I was also amused to read that the government is contemplating issuing a ‘gag order’, contractually binding all intelligence agency officials to ensure that they will never write a book about their careers. If true, this is draconian. In the first place, I believe it will be unconstitutional. Secondly, from the point of view of natural justice, preventing a government employee from sharing his experiences in public is indefensible.

    Indeed, my own book, Journeys through Bureaucracy and Netaland (2004), ought to have attracted the attention of CBI for “revealing official secrets”. In other words, I wrote about government’s mismanagement in various sectors! By the same token, heaven forbid, my publisher also ought to have been raided; fortunately, that did not happen.

    That brings us to the CBI. Though the present director is a thorough professional and personally beyond reproach, it is sad to see the CBI progressively becoming another implementation arm of the government — to be precise, an agency to meet the private objectives of those in power. The CBI is no more seen as an independent investigating agency. To some, it may even seem the CBI is no better than the vigilance directorates in many states, which function under the chief minister. I have also found, in the last three or four years, that various Intelligence agencies (IB, Army Intelligence, RAW) have now been brought under some kind of unified command, controlled from the prime minister’s office. While coordination and cooperation between intelligence agencies is of utmost importance, their independence and ability to search the territory their own way needs to be protected for maximum effectiveness.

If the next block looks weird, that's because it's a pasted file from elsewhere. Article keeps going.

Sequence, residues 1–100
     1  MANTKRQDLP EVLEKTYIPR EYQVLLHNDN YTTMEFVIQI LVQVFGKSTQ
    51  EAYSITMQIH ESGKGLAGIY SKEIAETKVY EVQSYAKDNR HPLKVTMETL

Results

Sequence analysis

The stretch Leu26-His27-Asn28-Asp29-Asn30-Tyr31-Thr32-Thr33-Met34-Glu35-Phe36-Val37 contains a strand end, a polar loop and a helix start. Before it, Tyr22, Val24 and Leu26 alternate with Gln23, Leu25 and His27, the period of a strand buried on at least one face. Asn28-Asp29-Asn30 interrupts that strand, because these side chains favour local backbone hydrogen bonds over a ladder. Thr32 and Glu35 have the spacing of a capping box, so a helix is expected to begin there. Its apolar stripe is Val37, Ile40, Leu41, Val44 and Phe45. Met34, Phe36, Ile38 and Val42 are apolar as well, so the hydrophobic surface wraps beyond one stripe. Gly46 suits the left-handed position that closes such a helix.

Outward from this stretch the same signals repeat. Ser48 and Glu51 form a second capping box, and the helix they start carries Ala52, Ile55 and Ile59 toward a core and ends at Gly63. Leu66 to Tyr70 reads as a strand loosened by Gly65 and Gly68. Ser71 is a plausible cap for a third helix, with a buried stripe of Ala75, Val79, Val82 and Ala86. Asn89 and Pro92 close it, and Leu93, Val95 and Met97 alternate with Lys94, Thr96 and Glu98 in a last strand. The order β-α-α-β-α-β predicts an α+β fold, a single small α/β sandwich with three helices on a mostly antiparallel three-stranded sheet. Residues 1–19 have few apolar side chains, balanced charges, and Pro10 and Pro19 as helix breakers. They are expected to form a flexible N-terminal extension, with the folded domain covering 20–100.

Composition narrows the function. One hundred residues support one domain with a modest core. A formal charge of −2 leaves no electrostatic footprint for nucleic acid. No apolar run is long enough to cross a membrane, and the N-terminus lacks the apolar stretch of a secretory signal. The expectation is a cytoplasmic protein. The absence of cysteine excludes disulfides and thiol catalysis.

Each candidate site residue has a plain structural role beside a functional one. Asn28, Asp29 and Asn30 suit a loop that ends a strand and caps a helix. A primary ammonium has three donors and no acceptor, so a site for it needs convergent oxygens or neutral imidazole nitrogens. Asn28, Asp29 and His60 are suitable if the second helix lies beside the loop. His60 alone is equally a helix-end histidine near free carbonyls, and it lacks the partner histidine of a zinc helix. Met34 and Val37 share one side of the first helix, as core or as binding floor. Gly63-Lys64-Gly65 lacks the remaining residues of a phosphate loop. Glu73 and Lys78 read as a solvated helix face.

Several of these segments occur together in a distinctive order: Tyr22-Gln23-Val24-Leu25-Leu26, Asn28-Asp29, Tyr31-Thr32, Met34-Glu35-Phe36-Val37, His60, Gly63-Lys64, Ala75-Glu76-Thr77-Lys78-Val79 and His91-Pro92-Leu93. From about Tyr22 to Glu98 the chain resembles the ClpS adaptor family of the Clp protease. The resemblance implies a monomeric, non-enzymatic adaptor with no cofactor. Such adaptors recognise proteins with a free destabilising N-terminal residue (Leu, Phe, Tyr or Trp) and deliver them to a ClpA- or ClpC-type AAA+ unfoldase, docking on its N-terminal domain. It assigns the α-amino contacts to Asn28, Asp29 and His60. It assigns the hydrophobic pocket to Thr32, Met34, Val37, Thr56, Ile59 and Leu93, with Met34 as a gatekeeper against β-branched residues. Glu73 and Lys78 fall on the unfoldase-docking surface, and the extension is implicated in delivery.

V.K. Singh is basically to be seen as a whistleblower. The points he has raised need to be looked into with a constructive approach to see how the top-secret agencies can be made to function with greater efficiency without financial profligacy. Checks and balances are the essence of democracy. Some of these sensitive agencies need carefully structured ‘oversight committees’, comprising independent experts, carefully chosen, to ensure that these are geared to continually serve national interest optimally, rather than cater to the personal needs of those in power.

    The writer was cabinet secretary to the GOI between 1996 and 1998 :: Malice in Blunderland?

  2. #2
    Col NR Kurup (Retd)
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    Re: Malice in Blunderland?

    This is a wonderful thread where RTI can play hell. I am craving for more information on this lfield. A CabinetSecretary is a "MAN WHO KNEW TOO MUCH ". I doubt whether Mr.Subramanian will be able to open more

  3. #3

    SUBVERSE: Don't spook them

    SUBVERSE: Don't spook them
    by A G Noorani, 28 Aug 2008, Times of India

    The government's sweeping gag on retired members of the Intelligence
    Bureau and RAW is an assault on press freedom and a violation of the
    citizens' right to know.

    The Intelligence Organisations (Restriction of Rights) Act, 1985 bars
    serving intelligence officials from communicating with the press or
    publishing any material except with the prior permission of their
    superior. If the ban is to be extended to retired members of these
    bodies, legislation was necessary. It cannot be done by an executive

    The fundamental right to freedom of speech, which includes the right
    to know, is not absolute. But the state can impose only "reasonable
    restrictions" on the right on grounds specified in Article 19(2) and
    only by "law" and not by an executive fiat.

    The grounds are "the sovereignty and integrity of India, the secu-rity
    of the state, friendly relations with foreign states, public order,
    decency or morality or in relation to contempt of court, defamation or
    incitement to an offence".

    The gag has been imposed through an amendment to the Central Civil